And I saw that all labor and all achievement spring from man’s envy of his neighbor. This too is meaningless, a chasing after the wind.
The fool folds his hands and ruins himself. Better one handful with tranquility than two handfuls with toil and chasing after the wind. Ecclesiastes 4:4-6.
Often times we read these types of statements without connecting them, as if they were unrelated truths or proverbs just haphazardly thrown into the paragraph. Yet if we look closely, we can see the relationship between the two ideas.
I looked up the word used for “fool” in our text just for fun and got an education on its various meanings. The word used here means “self-confident” or someone who is informed on what is right per his/her religious instructions but ignores the wisdom. In the context above it would take on significance by being stated, “The overly self-confident person folds his hands and ruins himself.” People like this chase after wealth with the air of someone who feels they know better. A similar word was used to name David’s nemesis in 1 Samuel 25.
It would be sorta’ like a runner who knew he or she was fast but coasted the last leg of the race because of their over confidence. They would come in second or third, not because they couldn’t do better with more effort but from pride in their own prowess.
I’m gonna’ take this one step further though.
Both those who fold their hands or who chase after the Joneses are fools for they ignore wisdom. Solomon concludes that having one handful with tranquility is by far better than two handfuls with toil and chasing after the wind, not because achievement or toil are bad but due to the motivation inspiring them. If our goal is to own what others gained, then we will work ourselves into the ground or figure out a way to take it—legally (through loopholes in the law) or illegally. Envy produces covetousness, which if left to fester, will produce something even worse.
There’s also another spin for this part of the passage which strikes me as lethal. Some will give up because two handfuls take far too much anxiety, instead they approach their idea of “tranquility” through the lens of one who is afraid to deal with the added stress of striving. While this is truth even in this context, I don’t think Solomon was making this point, however, since his illustration after this goes the other direction—striving after two handfuls is futility when one will do.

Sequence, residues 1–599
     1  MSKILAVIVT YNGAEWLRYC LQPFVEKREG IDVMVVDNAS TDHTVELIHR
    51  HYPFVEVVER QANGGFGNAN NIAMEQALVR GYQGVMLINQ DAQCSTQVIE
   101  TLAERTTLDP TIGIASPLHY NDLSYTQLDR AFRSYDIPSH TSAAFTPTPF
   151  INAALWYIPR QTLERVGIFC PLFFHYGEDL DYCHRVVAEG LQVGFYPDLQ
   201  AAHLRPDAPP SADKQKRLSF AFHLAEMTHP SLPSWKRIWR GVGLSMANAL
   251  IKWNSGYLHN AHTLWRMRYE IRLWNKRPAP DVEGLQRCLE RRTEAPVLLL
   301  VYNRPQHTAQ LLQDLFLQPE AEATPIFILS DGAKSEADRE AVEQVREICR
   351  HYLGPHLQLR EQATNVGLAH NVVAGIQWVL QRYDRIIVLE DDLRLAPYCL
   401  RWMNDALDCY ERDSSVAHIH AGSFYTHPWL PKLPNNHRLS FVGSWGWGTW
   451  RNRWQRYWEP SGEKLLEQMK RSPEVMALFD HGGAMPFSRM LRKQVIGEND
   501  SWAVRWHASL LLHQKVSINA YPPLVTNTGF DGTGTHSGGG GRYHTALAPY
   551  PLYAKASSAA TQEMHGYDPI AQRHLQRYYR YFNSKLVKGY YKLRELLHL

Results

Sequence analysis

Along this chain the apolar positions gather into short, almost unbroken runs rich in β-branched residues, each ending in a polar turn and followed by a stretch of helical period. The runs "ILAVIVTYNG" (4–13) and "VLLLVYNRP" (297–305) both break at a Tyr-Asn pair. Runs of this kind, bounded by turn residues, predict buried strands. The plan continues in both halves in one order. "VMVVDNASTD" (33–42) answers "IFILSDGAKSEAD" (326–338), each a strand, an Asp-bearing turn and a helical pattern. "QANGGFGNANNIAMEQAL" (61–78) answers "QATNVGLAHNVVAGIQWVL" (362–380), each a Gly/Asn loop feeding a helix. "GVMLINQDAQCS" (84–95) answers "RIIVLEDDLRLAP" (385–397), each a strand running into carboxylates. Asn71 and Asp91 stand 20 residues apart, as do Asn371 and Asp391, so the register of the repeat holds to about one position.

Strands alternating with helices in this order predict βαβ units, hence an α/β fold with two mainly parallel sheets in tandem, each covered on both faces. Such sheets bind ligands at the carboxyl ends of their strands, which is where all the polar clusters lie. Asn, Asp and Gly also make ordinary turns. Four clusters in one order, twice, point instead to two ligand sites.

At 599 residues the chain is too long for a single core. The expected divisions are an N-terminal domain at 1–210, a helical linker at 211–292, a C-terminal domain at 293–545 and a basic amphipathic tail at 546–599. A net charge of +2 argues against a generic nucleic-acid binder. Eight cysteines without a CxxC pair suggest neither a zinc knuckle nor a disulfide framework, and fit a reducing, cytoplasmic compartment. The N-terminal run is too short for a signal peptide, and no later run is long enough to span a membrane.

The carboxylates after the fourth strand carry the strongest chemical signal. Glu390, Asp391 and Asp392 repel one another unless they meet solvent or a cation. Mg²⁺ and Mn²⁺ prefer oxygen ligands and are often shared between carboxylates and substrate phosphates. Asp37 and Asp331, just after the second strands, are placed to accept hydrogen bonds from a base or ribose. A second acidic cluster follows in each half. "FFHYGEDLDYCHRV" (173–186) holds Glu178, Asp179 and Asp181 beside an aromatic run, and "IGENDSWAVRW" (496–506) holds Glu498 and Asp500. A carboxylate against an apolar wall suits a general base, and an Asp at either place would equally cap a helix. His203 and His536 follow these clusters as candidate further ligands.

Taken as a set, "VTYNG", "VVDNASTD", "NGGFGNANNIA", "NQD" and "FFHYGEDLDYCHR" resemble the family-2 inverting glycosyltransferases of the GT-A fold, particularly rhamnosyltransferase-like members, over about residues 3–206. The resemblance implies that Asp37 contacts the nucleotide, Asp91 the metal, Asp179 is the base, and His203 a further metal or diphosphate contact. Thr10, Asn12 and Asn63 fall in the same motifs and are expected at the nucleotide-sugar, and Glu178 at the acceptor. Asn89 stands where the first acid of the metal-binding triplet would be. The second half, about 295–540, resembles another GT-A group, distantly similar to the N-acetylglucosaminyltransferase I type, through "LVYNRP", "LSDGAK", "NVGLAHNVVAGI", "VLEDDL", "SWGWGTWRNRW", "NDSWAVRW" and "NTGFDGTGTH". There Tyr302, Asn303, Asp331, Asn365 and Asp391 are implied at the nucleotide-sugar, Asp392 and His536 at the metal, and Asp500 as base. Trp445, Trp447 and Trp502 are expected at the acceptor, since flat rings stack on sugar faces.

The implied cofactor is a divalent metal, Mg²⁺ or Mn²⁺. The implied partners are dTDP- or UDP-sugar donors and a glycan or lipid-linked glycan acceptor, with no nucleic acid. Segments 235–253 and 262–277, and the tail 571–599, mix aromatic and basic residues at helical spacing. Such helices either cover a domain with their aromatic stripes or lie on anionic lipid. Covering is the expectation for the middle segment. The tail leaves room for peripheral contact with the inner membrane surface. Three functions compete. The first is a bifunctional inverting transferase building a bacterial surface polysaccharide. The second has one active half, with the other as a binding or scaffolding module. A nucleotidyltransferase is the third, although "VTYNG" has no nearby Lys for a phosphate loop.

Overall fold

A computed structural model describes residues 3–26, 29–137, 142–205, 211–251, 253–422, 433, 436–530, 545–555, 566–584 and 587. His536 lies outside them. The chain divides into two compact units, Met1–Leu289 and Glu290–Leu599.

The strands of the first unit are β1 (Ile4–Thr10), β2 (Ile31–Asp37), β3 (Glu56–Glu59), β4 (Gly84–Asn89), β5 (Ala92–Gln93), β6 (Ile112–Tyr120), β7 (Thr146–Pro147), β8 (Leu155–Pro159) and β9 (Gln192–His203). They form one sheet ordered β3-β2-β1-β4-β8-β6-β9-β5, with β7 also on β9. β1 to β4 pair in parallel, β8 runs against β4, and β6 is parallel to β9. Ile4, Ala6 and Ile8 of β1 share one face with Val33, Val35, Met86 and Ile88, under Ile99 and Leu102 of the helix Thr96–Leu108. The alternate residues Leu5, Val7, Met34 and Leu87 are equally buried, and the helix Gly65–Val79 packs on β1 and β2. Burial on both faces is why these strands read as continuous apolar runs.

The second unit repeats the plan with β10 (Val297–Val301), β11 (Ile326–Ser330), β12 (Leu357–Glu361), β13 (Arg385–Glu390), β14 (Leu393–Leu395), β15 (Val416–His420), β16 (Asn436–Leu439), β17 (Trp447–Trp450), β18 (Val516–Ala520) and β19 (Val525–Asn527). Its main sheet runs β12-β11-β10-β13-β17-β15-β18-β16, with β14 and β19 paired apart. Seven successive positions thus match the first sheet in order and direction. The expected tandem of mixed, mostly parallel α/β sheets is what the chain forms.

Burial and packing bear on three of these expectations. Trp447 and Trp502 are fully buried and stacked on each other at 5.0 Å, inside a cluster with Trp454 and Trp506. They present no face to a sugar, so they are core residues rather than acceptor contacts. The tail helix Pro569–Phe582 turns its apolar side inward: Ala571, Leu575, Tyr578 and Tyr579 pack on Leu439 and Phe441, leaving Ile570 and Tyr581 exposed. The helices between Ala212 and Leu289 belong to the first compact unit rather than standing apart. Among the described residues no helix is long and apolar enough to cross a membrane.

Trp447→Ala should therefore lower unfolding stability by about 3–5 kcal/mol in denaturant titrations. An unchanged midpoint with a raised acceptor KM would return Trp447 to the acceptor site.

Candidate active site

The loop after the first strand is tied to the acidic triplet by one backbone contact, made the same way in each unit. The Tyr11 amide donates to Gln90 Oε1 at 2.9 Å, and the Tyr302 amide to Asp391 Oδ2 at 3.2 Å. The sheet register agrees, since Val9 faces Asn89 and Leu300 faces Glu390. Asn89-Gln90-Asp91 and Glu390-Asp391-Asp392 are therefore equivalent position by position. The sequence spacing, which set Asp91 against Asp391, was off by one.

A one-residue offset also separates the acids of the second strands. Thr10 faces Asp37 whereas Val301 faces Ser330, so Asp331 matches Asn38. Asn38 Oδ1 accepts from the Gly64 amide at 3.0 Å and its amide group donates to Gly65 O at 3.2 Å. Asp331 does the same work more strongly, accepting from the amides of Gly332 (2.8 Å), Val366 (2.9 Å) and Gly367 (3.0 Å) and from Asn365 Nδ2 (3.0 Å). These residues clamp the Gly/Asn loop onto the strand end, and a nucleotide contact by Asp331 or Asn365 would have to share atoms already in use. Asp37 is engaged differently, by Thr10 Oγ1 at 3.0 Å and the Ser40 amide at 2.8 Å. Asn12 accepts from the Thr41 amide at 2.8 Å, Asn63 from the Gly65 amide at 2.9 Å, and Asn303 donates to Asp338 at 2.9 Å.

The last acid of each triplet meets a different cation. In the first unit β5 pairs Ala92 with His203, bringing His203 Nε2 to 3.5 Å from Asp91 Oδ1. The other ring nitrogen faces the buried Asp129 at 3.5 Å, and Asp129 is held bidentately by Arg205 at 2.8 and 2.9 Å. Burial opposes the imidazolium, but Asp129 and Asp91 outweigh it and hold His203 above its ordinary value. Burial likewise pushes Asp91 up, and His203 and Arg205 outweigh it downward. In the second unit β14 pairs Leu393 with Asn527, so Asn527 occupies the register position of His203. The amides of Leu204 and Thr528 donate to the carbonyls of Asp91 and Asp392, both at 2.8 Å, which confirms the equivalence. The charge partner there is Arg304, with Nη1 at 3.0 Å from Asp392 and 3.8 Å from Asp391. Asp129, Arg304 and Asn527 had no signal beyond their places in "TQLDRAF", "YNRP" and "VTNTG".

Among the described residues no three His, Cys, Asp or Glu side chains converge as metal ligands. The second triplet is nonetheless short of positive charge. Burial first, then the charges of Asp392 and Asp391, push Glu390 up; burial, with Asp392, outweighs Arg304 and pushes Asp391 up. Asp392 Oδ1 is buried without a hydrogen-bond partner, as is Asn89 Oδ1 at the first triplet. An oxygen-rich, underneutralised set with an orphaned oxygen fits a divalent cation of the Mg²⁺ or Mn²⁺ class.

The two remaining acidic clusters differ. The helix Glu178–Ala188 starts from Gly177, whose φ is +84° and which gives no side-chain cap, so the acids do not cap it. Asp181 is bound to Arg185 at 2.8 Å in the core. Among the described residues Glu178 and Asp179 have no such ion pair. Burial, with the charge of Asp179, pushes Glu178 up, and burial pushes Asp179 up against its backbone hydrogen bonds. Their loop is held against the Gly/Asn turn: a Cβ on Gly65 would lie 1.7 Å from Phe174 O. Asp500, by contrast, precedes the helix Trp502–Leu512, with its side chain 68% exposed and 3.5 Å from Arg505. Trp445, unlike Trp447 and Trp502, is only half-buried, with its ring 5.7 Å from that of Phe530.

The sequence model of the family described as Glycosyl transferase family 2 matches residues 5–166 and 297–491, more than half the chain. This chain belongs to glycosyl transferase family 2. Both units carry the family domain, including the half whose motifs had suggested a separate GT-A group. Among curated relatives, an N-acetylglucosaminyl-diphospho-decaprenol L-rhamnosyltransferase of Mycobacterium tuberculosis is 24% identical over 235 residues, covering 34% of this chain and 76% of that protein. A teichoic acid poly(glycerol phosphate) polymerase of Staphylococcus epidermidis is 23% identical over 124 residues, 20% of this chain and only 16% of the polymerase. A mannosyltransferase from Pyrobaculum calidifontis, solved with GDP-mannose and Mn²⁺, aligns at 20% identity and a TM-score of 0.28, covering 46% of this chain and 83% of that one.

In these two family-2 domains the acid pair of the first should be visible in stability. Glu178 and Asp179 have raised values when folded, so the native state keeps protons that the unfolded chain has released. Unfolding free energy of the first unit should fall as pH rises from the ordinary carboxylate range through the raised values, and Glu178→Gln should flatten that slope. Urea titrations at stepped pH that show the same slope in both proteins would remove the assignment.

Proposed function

What would it be like if we all forgot about competing to get the best of one another and decided to accomplish great things for the joy of doing them? What would the world be like if our greatest successes were celebrated with parties instead of jealousy or critique? What would our own lives be like if we set out to build, create or be something just because our Creator made it possible for us to do so? What kind of world would we live in if everyone shared the resources and made sure we all had enough—and when someone didn’t have enough, we took from our abundance to make sure they did? What if the leaders of nations or that local book club (or whatever) were excited when someone in their group succeeded beyond their expectations? What would our relationships be like if we decided being top dog meant another way to serve? What if competition really was fun and for the joy of doing it rather than being better than or one-upping (is that even a word?) someone else.
Paul said, Godliness with contentment is great gain. If we struggle to be content, it has to do with our attitude about life rather than what we do or don’t have. I’d love to own a flat screen TV, but I can’t afford one, so I’m content with the one I have. It’s odd that things become more important than our relationships all too often. For years now I worked to have the attitude to be at peace than striving to get somewhere just like or better than someone else. This passage is one of my earliest memories, for Ecclesiastes was probably the fourth or fifth book I read after I gave my life to Jesus and this truth stood out for me. I haven’t always been content or happy with my life, but I gotta’ tell ya, the only time I’ve ever been peaceful has been in this mindset.
The word most misused in the English language has to be “deserve” because people will tell you they deserve things you know they haven’t worked for ever. It’s pretty sad when we put a price tag on our actions above what they warrant. To be blunt, we don’t really know what the rewards of any action should be for the simple reason our standard of sin is that murderer, child-molester, career thief or whoever we hold up as worse than ourselves to feel better about the sin we not only tolerate in our own lives but cherish. The reference of truth for the godly must center on Jesus, the author and completer of our faith. Our wealth, ideals and whatever else we value grows out of what He considers to be worthy pursuits. Envy, jealousy, covetousness and the like step outside of His character and thus outside of our scope, if our spiritual eyes are fixed on Him.